Pill Or Patch? Test Could Tell Best Way To Quit Smoking

Some scientists now say a blood test reserved for research can predict whether a pill or a nicotine patch is your best shot at quitting smoking.

Pill Or Patch? Test Could Tell Best Way To Quit Smoking

For those truly addicted to smoking, the frustrations of quitting go well beyond mental fortitude.

Now, scientists say a strategy based on how your body breaks down nicotine might be the best way to kick the habit.

Researchers published their findings online Sunday in The Lancet. They argued blood tests normally reserved just for use in studies helped them know whether nicotine patches or pills helped each individual trying to quit more than the other.

"It's what actually gets you smoking, keeps you smoking," Dr. John Moore-Gillon of the British Lung Foundation told the BBC.

With nicotine, some scientists believe the faster our bodies break it down, the more often a smoker needs a cigarette and the harder it is to quit.

After observing more than 1,200 people trying to quit smoking, they found those whose bodies broke down nicotine normally had a better chance to stick to it while using the pill Chantix instead of a nicotine patch.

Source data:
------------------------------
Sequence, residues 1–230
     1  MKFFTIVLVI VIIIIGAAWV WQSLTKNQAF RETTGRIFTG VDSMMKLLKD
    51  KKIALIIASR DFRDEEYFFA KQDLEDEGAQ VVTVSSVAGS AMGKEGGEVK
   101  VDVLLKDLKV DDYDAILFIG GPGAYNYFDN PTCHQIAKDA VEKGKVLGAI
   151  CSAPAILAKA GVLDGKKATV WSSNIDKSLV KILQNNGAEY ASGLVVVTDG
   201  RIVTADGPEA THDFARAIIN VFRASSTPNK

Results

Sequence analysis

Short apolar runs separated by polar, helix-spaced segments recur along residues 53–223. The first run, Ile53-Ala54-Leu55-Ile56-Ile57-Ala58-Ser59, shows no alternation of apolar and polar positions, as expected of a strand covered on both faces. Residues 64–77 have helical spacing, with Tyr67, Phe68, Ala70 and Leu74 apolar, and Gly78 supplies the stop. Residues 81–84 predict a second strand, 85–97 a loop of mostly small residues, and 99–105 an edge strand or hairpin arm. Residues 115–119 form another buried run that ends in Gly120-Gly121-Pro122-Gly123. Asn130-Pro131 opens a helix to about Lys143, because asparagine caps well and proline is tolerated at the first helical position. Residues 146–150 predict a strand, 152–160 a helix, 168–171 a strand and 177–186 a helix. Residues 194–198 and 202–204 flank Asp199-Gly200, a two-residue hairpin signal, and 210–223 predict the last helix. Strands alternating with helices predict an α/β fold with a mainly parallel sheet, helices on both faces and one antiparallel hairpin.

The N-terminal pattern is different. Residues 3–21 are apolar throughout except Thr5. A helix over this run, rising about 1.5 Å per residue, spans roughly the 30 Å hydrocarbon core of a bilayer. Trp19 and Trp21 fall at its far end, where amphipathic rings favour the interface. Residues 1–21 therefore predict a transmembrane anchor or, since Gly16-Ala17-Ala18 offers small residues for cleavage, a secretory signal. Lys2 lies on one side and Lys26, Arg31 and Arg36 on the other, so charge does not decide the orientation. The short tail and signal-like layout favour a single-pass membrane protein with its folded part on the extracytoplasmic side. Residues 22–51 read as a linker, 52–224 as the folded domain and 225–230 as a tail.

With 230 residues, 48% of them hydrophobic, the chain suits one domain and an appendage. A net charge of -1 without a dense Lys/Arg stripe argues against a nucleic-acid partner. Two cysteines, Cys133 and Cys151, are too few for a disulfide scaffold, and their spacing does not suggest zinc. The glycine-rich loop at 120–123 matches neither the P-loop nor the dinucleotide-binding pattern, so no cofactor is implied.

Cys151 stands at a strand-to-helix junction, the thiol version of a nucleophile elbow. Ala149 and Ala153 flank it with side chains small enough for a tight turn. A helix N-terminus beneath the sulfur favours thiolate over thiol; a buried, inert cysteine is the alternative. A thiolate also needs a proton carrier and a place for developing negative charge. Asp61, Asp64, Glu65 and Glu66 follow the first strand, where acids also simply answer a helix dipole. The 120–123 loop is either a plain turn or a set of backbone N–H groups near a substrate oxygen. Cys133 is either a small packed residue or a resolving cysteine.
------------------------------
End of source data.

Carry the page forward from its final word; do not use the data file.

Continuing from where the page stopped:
Chantix is a controversial drug because it has relatively impressive success rates in helping people quit, but that's paired with side effects like suicidal thoughts that are much more extreme than most quit smoking treatments. (Video via Pfizer)

You may have noticed lawyer commercials with ominous music. There are any number of litigators who'd love to sign you up for a Chantix class action lawsuit if you've experienced these side effects. (Video via Law Offices of James Scott Farin)

That's partially why researchers recommended the patch for people whose bodies broke down nicotine at a slower rate than normal. They had the same rates of quitting whether taking the patch or the pill, but they didn't have to go through Chantix's side effects. (Video via Nicorette)

But again, these blood tests are normally only used for research. While the scientists argued the tests could easily be used by the public, one researcher not involved in the study told the BBC the cost needs to be analyzed first.

Another told the outlet, "We know that if people try to quit unaided their chance of success for a year is about 4%. The way to succeed is to keep trying. It is like rolling a dice. If you keep rolling it you will succeed but if you stop rolling you will fail."

This video includes an image from Getty Images and Sharyn Morrow / CC BY NC ND 2.0.